Guillain-Barré syndrome – new insights


Individuals afflicted with Guillain-Barré syndrome (GBS) have a rare and varied peripheral nervous system disorder, often triggered by previous infections, resulting in severe muscle weakness. In severe cases, respiratory muscle paralysis may occur. Despite its classification as an autoimmune disease, the specific mechanisms of GBS remain largely unknown, posing challenges for accurate diagnosis and effective treatment.

In a recent study, researchers investigated the autoimmune factors related to GBS, revealing a key aspect of its pathophysiology (Figure 1). The investigation disclosed that in GBS patients, particular immune system cells known as T lymphocytes infiltrate nerve tissue, targeting the protective myelin covering of nerve fibers.

Figure 1: Ex vivo stimulation of memory CD4 + T cells from the blood of patients with GBS and healthy donors. Total memory CD4 + T cells from the blood of patients with GBS and healthy donors were labelled with CFSE and cultured with autologous monocytes in the presence or absence of PNS-myelin peptide pools (P0, P2 and PMP22) and influenza vaccine (Flu) as a positive control. a, CFSE profiles and dot plots of CD25 and ICOS expression of gated CFSE low cells from one representative patient (PT1) in acute phase and in recovery phase and one healthy donor (HD4). b, Overview of the total number of screened patients with GBS and healthy donors who were reactive to either one, two, three or none of the three PNS-myelin autoantigens tested. A positive response was defined as a stimulation index of 2 or higher and a Δ value of at least 1.5%. c, Scatter plot with pooled data from the indicated patients with GBS (n = 15 biologically independent samples; coloured dots) and healthy donors (n = 21 biologically independent samples; white and grey dots), shown as the percentage of proliferating CFSE low cells. Patients with GBS are divided with respect to the disease phase (acute, n = 13; recovery, n = 14). Both patients with GBS and healthy donors are divided with respect to previous SARS-CoV-2 infection (non-COVID-19 GBS, n = 10; post-COVID-19 GBS, n = 5; non-COVID-19 HD, n = 15; post-COVID-19 HD, n = 6). Each dot represents an individual donor and bar height indicates mean and s.d. Data were analysed using two-tailed Wilcoxon matched-pairs signed rank test.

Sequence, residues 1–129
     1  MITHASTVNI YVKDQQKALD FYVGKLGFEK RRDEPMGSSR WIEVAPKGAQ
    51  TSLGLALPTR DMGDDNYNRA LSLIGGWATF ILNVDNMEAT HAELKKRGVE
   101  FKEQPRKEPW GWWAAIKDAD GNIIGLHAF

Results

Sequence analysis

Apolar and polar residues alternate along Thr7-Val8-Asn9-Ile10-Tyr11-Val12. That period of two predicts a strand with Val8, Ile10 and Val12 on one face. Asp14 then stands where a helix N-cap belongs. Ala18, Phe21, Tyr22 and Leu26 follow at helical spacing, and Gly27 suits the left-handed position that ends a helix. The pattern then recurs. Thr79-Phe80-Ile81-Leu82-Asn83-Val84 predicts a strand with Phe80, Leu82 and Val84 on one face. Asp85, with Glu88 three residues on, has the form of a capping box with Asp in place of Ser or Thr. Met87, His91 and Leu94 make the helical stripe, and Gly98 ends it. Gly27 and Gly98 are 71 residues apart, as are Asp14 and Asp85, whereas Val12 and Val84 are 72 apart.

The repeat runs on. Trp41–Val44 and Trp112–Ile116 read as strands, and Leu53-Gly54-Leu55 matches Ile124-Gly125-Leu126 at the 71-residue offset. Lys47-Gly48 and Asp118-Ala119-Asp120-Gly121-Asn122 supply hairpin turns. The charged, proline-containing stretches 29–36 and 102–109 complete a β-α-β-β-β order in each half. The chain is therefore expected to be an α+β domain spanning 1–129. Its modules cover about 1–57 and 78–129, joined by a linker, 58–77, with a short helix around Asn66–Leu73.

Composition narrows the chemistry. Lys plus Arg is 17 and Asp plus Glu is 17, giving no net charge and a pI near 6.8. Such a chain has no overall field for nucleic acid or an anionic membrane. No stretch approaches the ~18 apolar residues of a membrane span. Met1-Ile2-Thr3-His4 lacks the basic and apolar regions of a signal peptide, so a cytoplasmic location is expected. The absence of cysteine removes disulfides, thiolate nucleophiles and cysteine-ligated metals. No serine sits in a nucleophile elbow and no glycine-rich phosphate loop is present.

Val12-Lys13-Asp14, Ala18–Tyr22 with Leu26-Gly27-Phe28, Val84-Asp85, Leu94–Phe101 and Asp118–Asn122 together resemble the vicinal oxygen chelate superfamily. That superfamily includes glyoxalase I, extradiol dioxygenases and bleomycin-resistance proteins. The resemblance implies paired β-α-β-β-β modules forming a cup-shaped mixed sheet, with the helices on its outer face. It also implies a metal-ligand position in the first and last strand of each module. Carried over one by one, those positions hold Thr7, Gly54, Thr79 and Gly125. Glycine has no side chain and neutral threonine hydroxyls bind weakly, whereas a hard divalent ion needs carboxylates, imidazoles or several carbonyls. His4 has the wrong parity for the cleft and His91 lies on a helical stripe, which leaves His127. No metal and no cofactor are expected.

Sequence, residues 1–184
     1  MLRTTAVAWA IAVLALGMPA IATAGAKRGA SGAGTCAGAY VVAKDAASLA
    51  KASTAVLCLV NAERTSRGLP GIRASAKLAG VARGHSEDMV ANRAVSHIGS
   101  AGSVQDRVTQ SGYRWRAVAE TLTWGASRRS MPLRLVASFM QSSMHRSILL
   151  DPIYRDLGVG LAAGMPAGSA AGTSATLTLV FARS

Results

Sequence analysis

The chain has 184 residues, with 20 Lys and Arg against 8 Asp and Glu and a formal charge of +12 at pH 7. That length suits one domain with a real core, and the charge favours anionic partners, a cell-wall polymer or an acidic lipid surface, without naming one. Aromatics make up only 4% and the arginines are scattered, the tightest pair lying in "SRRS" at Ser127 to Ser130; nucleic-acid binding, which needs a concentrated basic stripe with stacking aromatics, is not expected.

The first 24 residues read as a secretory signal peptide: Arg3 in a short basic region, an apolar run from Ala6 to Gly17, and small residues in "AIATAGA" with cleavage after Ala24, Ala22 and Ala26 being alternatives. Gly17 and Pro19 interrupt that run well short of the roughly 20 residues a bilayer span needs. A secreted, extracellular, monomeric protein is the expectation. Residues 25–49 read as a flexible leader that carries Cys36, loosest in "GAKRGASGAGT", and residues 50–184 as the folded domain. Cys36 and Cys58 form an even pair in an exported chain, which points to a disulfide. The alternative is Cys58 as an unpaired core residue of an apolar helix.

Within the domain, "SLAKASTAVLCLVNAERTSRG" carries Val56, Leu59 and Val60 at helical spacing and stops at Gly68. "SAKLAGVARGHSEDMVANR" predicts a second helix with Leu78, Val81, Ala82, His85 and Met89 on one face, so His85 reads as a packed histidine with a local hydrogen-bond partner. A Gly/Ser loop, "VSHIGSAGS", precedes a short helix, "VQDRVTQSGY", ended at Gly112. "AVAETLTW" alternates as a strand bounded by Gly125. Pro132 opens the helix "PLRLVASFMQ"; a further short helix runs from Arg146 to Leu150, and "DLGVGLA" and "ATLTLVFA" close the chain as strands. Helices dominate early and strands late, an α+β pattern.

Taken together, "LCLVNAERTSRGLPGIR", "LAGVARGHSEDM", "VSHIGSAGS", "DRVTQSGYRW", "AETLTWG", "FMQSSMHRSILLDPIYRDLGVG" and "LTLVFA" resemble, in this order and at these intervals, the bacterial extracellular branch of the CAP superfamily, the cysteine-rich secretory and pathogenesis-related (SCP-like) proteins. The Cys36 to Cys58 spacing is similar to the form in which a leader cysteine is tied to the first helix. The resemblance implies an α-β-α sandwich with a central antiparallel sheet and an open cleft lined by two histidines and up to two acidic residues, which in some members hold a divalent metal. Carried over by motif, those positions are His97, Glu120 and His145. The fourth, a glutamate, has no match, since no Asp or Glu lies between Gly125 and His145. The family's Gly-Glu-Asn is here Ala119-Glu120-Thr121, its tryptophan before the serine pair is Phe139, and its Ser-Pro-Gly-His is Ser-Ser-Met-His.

These autoreactive T lymphocytes were found exclusively in GBS patients with nerve demyelination, displaying a distinctive disease-associated signature that sets them apart from healthy individuals. This finding provides key evidence of the involvement of autoreactive T lymphocytes in the disease among humans. Furthermore, the researchers identified T lymphocytes responsive to both self-antigens of peripheral nerves (myelin) and viral antigens in a subset of post-viral GBS patients, establishing a direct connection between disease development and triggers from preceding infections.

Journal article: Súkeníková, L., et al. 2024. Autoreactive T cells target peripheral nerves in Guillain–Barré syndrome, Nature.

Summary by Stefan Botha

International Union of Immunological SocietiesUniversity of South AfricaInstitute of Infectious Disease and Molecular MedicineElizabeth Glazer Pediatric Aids Foundation